An Australian government-ordered inquiry into the national road safety strategy calls for a minimum A$3 billion ($2.15 billion) in annual funding and the rapid deployment and accelerated uptake of proven vehicle-safety technologies and innovation.
James Goodwin, CEO of the Australasian New Car Assessment Program, says that’s what the safety-testing group is trying to achieve.
“Our mandate is to eliminate road trauma through the testing and promotion of safer vehicles,” Goodwin says in a statement. “We are working hard to achieve this through influencing the design, specification and availability of new vehicle models with the latest safety features and technologies.”
“Objective performance testing of autonomous safety technologies is a key focus for ANCAP, and we will continue to raise the bar to ensure Australians are provided with the safest vehicles possible.”
A panel of four was convened to conduct the inquiry. Their report says more than 1,200 people are killed and at least 36,000 are hospitalized through traffic accidents annually in Australia.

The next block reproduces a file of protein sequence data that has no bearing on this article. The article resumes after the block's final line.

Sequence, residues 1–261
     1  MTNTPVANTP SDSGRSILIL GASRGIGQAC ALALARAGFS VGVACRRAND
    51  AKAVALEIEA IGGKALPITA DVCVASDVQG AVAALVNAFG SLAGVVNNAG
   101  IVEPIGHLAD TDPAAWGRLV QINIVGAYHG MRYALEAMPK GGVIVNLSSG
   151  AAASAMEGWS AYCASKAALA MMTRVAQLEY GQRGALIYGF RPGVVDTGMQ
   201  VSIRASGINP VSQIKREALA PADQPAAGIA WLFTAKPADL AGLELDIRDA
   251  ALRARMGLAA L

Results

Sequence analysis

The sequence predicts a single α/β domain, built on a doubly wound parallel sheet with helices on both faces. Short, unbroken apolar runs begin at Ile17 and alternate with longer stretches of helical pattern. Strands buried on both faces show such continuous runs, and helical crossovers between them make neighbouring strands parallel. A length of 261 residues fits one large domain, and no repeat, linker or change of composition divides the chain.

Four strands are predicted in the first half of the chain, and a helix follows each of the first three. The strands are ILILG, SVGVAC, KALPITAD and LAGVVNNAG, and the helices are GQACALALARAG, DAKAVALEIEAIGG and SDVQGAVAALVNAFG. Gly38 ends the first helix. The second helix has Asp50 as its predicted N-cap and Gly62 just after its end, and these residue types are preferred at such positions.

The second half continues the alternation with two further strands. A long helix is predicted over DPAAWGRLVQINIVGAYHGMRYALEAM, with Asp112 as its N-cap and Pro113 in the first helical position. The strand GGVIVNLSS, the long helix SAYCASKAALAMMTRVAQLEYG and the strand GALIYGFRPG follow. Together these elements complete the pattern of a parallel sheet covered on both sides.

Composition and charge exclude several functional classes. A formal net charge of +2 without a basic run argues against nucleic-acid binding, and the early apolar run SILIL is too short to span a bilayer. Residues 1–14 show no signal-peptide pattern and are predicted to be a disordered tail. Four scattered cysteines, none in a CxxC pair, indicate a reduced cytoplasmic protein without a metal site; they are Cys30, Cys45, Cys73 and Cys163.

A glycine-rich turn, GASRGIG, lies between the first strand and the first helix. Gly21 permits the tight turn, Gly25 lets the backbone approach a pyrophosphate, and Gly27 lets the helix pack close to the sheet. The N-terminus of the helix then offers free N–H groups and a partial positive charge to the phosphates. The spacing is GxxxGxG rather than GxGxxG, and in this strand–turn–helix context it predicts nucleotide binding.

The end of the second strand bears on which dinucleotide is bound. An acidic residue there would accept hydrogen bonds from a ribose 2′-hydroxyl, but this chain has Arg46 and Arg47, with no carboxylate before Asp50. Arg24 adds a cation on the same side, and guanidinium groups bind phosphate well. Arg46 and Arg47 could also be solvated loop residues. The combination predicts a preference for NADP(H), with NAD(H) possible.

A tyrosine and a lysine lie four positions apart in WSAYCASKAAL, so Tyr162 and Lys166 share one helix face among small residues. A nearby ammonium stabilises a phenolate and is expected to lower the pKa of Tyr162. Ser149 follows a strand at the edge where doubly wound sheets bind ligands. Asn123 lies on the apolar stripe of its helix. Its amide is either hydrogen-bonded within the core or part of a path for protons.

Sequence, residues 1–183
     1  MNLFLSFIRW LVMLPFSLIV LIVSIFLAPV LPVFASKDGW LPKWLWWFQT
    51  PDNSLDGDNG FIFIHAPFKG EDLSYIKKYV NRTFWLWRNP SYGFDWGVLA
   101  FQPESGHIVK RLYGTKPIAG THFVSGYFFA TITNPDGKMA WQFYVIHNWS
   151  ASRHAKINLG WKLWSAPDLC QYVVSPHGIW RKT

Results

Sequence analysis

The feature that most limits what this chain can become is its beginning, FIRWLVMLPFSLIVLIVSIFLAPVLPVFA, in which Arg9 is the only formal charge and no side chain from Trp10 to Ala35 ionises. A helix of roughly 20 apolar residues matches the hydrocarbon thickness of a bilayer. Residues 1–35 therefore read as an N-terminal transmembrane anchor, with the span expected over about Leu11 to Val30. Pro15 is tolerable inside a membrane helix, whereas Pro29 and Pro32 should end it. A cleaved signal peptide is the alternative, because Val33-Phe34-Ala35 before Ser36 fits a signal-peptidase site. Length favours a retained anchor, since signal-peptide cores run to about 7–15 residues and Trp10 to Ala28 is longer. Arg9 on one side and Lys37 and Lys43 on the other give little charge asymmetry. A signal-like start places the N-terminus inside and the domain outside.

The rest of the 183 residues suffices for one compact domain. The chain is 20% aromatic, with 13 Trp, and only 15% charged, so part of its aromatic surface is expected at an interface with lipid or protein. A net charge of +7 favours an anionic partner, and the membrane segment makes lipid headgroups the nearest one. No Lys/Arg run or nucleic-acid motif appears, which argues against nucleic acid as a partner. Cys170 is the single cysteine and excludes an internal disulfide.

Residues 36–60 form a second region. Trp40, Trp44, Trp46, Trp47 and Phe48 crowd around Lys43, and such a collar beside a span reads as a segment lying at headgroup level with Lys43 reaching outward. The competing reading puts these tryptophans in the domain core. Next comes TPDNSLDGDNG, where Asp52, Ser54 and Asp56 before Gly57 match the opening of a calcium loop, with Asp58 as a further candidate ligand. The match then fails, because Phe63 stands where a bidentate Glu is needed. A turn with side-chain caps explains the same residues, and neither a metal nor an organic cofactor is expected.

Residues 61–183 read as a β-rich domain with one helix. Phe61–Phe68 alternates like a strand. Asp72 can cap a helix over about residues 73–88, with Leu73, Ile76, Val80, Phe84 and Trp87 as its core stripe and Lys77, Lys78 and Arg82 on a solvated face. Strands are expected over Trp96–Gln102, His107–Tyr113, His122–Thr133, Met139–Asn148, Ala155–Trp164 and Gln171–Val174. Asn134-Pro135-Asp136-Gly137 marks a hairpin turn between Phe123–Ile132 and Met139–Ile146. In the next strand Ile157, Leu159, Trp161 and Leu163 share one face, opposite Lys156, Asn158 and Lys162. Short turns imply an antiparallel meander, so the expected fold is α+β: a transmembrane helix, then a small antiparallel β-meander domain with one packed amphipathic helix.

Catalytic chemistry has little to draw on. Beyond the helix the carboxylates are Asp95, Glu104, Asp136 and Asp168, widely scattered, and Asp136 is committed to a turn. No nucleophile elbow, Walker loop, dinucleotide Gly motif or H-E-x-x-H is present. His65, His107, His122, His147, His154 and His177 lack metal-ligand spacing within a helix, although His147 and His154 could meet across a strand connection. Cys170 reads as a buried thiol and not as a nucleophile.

Among its 12 recommendations are a target of zero road deaths by 2050, with an interim target of zero for all major capital-city business districts and high-volume highways by 2030.
Goodwin says an area that requires greater focus is the age of the vehicle fleet and its direct correlation to road fatalities.
“There are more than 2.7 million registered vehicles on our roads aged 15 years or older,” he says. “These vehicles are unlikely to be fitted with safety features that we now expect from new vehicles. So, not only do we need to focus attention to accelerate the uptake of new vehicles with the latest safety technologies – if tangible safety benefits are to be realized, we must implement ways and set targets to reduce the age of the fleet.”